Imam Johari Abdul-Malik of the Coordinating Council of Muslim Organizations in the Washington area, said that while the five were active in their mosques, "From all of our interviews, there's been no sign that they were in any way outwardly radicalized ... there haven't been any reports that there was anything outwardly suspicious in their behavior."
The FBI is aware of the arrests, and is also investigating a report of five people reported missing from the Washington area, said Katherine Schweit, spokeswoman for the agency's Washington field office.
"We are working with Pakistan authorities to determine their identities and the nature of their business there" -- if the people arrested are the people who are missing, she said. She declined to elaborate, citing an ongoing investigation.
U.S. authorities have been wary of Islamic militants recruiting young Muslims from the United States to fight overseas.
Prosecutors in Minnesota recently arrested eight Somali-American men on charges related to what they said were efforts to recruit youths from the Minneapolis area to fight for al-Shabaab, a Somali guerrilla movement battling the African country's U.N.-backed transitional government. At least two young men from Minnesota have been killed in Somalia, including one who blew himself up in what is believed to have been the first suicide bombing carried out by a naturalized U.S. citizen.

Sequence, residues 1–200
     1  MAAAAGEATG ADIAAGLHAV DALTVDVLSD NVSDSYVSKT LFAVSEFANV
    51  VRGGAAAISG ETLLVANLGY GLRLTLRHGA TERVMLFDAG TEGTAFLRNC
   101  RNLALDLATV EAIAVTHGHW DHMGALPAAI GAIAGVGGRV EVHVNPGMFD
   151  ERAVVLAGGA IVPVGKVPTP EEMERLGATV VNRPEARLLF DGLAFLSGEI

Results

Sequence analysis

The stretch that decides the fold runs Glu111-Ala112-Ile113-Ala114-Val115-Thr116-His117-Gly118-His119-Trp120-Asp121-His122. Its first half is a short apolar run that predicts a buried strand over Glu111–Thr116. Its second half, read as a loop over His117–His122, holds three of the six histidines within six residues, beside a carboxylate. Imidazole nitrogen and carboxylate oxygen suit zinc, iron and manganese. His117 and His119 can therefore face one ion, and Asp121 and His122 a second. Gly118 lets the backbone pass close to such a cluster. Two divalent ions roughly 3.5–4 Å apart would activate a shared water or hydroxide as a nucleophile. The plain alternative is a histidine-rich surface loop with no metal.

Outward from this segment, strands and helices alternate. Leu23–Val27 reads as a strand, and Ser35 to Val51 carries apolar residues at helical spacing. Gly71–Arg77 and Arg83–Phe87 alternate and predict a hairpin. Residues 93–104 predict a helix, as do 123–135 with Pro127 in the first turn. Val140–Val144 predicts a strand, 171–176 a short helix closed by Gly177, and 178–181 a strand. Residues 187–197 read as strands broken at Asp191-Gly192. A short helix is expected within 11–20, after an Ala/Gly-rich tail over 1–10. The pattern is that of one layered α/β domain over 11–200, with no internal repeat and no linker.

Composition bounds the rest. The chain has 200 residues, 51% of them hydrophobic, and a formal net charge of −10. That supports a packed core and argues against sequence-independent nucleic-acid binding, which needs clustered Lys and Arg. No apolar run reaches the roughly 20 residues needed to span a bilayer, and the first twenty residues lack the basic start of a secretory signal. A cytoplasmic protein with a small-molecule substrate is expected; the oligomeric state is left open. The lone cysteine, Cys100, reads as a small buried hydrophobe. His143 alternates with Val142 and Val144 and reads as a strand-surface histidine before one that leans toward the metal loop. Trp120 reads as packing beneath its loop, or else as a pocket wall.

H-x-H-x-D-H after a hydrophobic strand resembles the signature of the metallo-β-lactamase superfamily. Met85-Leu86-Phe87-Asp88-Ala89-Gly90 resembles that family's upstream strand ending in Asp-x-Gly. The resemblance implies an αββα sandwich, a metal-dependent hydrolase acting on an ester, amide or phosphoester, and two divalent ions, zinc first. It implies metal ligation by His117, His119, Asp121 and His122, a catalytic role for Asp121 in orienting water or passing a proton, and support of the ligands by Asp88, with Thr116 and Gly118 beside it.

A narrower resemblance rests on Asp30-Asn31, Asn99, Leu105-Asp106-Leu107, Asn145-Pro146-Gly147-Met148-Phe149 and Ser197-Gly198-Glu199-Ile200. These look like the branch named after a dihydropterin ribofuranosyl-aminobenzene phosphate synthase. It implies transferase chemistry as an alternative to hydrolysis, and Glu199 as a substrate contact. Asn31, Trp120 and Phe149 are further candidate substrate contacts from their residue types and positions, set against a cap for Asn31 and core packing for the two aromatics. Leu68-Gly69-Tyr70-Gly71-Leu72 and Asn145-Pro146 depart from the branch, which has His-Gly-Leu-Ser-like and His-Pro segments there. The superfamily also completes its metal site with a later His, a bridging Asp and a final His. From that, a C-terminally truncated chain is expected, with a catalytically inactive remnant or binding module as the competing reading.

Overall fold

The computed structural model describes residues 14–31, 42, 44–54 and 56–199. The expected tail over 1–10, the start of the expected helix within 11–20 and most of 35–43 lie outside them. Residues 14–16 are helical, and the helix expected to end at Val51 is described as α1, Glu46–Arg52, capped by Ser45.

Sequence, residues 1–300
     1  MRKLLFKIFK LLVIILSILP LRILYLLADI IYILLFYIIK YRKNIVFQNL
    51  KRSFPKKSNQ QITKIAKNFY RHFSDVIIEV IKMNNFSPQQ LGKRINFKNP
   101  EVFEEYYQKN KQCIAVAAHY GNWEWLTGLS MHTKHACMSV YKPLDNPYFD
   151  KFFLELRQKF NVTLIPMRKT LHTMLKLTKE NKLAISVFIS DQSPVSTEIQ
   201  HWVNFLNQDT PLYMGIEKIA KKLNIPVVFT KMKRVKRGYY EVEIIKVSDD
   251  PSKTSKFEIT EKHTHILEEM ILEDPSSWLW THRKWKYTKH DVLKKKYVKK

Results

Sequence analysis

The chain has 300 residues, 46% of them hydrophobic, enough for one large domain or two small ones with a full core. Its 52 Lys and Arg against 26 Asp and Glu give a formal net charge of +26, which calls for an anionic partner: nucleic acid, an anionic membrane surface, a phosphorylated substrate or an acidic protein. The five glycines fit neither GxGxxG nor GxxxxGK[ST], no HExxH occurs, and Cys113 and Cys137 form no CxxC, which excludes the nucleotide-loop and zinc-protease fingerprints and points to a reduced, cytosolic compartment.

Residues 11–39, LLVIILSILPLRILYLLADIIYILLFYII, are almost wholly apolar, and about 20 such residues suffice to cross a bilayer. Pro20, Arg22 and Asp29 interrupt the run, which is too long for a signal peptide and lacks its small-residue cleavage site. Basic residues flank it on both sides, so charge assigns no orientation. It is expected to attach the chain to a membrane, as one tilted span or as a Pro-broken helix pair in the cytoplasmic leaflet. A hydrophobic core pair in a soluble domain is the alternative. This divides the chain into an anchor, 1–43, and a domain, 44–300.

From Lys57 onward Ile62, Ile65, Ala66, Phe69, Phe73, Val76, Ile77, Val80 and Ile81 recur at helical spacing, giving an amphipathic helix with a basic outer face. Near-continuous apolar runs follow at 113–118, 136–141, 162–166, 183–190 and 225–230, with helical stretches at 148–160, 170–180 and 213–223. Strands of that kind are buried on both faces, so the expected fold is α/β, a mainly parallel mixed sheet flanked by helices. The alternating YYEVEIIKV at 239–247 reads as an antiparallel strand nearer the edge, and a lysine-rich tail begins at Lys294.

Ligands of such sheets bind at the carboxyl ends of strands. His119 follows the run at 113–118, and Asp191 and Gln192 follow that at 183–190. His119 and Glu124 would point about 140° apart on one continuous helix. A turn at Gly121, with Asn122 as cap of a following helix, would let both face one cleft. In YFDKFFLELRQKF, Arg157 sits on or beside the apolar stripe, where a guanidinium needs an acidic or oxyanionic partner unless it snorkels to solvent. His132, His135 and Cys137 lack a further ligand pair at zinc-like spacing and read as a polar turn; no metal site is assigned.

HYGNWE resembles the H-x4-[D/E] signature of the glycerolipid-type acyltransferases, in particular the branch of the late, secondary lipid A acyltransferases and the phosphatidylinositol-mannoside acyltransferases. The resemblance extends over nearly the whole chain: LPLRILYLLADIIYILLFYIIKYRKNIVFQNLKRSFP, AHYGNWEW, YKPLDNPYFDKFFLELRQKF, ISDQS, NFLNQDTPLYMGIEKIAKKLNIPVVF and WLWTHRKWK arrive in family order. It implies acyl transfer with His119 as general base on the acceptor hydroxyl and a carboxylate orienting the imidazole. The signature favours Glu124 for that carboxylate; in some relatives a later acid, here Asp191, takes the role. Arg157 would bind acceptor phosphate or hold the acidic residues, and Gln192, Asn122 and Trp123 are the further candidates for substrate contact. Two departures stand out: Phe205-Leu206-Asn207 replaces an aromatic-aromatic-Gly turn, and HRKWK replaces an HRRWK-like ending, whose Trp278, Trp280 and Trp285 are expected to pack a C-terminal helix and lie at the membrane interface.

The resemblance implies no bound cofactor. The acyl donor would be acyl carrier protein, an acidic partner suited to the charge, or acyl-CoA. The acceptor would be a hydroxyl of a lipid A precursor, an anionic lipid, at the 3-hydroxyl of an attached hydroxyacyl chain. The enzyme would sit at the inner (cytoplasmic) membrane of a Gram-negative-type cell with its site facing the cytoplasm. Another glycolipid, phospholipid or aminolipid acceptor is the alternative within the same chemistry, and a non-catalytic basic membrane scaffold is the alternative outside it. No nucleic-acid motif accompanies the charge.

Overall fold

The matter has "always been a concern," Secretary of State Hillary Clinton said Wednesday. "We have been well aware of the threats that we continue to face along with friends and allies around the world ... we know that we have to work more closely with both Afghanistan and Pakistan to try to root out the infrastructure of terrorism that continues to recruit and train people."
CNN's Jeanne Meserve and Elise Labott contributed to this report.